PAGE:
All posts by Nicole Reitz

Fulton girls lacrosse clinches regular season league title

by Rob Tetro

Going into its Senior Night game against Whitesboro Tuesday, if the Fulton girls varsity lacrosse team won the last two games of the regular season, it will clinch the regular season league championship.

During the second half of their game, Fulton held Whitesboro scoreless en route to a 15-3 win. The next day, the Lady Raiders went to Cortland with the opportunity to clinch.

Though it took three overtimes, Fulton returned home as champions following an exciting and dramatic 13-12 win over Cortland.

When Fulton took the field for its Senior Night game against Whitesboro, the first half proved to be a bit more competitive than expected.

The Lady Raiders had a 6-3 halftime lead. However, this contest proved to be the tail of two halves.

To read the rest of the story, subscribe to The Valley News by calling 315-598-6397

Writing class for adults to be held in June

The CNY Arts Center will hold a class for adult writers entitled “Building Your Writing Muscle.”

Instructor Jim Farfaglia will teach this six-week class for beginning writers or experienced writers who are looking to develop better writing skills.

The class will be taught for six consecutive Thursdays beginning June 7. Class time will be from 6:30 to 8 p.m. and will take place at the Fulton Public Library.

Topics to be discussed during the class include “Finding The Time To Write,” “How To Edit and Improve Written Work,” and “Strategies for Becoming a More Creative Writer.” Some time for students to share their writing will be provided.

There is a fee for the class. Information about the fee and how to register for the class may be obtained by visiting the center’s web site at http://www.cnyartscenter.com.

Those seeking information about the class can contact Jim Farfaglia at sjimf903@twcny.rr.com or at 402-2297.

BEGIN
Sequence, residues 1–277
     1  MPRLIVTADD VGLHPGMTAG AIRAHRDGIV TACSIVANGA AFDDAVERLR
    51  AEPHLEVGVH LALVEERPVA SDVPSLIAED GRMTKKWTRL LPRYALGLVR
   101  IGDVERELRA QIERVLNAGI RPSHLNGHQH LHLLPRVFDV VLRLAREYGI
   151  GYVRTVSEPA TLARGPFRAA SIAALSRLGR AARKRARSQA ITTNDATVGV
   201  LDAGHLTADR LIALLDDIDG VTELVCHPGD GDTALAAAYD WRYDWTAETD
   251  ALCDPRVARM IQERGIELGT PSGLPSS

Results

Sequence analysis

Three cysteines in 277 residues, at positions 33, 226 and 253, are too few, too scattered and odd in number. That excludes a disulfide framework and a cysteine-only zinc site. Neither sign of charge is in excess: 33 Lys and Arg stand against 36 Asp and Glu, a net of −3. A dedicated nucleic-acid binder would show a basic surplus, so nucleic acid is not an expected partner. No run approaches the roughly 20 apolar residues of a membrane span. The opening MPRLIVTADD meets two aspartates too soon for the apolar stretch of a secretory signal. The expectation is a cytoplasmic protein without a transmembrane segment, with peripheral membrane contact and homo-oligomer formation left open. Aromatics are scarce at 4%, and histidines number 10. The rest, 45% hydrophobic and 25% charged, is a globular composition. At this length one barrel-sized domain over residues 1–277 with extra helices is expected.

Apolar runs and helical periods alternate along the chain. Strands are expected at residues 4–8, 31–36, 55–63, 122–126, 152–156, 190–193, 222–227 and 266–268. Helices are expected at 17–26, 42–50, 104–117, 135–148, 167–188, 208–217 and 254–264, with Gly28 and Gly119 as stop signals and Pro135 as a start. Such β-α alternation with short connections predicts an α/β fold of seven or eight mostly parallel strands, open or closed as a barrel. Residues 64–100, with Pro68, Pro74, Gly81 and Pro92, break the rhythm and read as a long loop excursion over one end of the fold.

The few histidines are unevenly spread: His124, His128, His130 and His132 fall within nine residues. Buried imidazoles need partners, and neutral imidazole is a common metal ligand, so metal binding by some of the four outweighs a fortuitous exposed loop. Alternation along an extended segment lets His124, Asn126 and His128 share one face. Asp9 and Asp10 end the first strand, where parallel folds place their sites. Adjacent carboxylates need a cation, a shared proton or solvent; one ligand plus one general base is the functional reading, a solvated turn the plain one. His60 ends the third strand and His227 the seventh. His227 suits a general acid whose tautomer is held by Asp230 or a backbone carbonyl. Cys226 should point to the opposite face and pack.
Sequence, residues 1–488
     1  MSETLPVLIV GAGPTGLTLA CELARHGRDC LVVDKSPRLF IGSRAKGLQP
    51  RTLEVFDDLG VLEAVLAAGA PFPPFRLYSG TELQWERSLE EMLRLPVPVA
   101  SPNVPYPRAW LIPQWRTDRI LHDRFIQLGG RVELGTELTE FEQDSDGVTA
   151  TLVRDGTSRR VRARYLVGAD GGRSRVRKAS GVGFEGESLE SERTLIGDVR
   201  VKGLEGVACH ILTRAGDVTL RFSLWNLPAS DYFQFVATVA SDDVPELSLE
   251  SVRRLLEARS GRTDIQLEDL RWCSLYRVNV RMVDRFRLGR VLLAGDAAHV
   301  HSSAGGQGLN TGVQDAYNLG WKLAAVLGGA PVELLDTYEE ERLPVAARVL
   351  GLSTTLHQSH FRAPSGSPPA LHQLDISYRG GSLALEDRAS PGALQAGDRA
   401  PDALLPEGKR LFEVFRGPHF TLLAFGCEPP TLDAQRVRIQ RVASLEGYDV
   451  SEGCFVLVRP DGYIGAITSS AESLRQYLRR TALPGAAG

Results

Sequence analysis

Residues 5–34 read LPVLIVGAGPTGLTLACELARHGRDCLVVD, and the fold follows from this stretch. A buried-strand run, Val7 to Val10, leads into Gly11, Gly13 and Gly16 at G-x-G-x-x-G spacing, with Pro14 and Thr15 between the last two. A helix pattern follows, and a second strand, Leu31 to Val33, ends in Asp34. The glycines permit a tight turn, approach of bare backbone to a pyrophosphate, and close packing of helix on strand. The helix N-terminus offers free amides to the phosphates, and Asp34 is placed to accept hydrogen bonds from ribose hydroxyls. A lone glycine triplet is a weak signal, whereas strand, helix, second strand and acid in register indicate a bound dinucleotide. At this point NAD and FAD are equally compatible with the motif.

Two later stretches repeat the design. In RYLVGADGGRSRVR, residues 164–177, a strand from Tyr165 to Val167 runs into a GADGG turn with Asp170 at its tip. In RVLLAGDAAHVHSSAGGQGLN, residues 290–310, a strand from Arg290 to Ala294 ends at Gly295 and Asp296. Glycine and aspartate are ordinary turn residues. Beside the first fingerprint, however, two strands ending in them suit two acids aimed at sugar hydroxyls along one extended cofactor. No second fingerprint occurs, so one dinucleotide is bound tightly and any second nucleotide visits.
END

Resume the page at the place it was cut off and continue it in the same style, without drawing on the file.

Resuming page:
Annual county audit underway

by Carol Thompson

The annual audit of Oswego County government finances is underway. This year, the county clerk’s office is included in the financial review.

County Treasurer John Kruk confirmed the annual review audit is in progress.

“We get audited every year,” he said. “We have to have an audit by law.”

The treasurer’s office is audited and each year a department is also selected. This year, Kruk said, the county clerk’s office was chosen.

To read the rest of the story, subscribe to The Valley News by calling 315-598-639

Alice Bocko, worked at Hunter Arms

Alice G. Bocko, 94; of Fulton died May 14, 2012 at Michaud Residential Health Services, Fulton.

She was born to the late Thomas and Helena (Dunbar) Goss of Fulton. She has remained a lifelong resident of Fulton.

Mrs. Bocko was a past member of the Holy Family Altar Rosary Society. She was past employed with Hunter Arms and the Fulton City School District.

She was pre-deceased by her husband of 64 years Arthur Bocko in 2008, brother Gordon Goss and sister Catherine Goss.

She is survived by her daughter Mary C. Wacker and her son-in-law Dustin Wacker both of Fulton and her grandson Craig Wacker Of Raleigh, N.C.

She is also survived by her brother Thomas Goss of Fulton, Brother-in-law Earl (Patricia) Bocko of Minetto,  and sister-in-law Anna Goss of Jacksonville, Fla., and her nieces, nephews and great and great great nieces and nephews.

There were no calling hours. Funeral Services wereheld March 18 at the Sugar Funeral Home, Inc., 224 W. 2nd St. S. Fulton. Rev. Robert Stephenson officiated.

Burial will be in St. Mary’s Cemetery, Fulton.

Funding approved for asbestos study

by Carol Thompson

The Oswego County Legislature voted May 12 to transfer $30,000 from a building renovations capital reserve fund to an asbestos study capital account to pay for testing of all county facilities.

The county is testing for asbestos in all its county facilities after an employee raised concerns at the Department of Social Services. Asbestos, not at dangerous levels, was located in some of the ceiling tiles at the DSS facility.

“Do we have a firm number about what this capital project will cost?” Legislator Shawn Doyle asked.

Legislature Chairman Fred Beardsley said he did not have a firm cost, however, county officials have given an estimate of upward of $1 million.

County Administrator Phil Church said the budget transfer will cover the cost of some testing that has already been done and the testing of the remaining buildings.

To read the rest of the story, subscribe to The Valley News by calling 315-598-6397

Valley Viewpoints: Friendships forged

by Robbin Griffin of Fulton

I wish to express my sincerest thanks to those of you that took the time to vote in the recent school-board election. I am grateful for the support of our budget and referendums. It was a great evening for our school district and its students!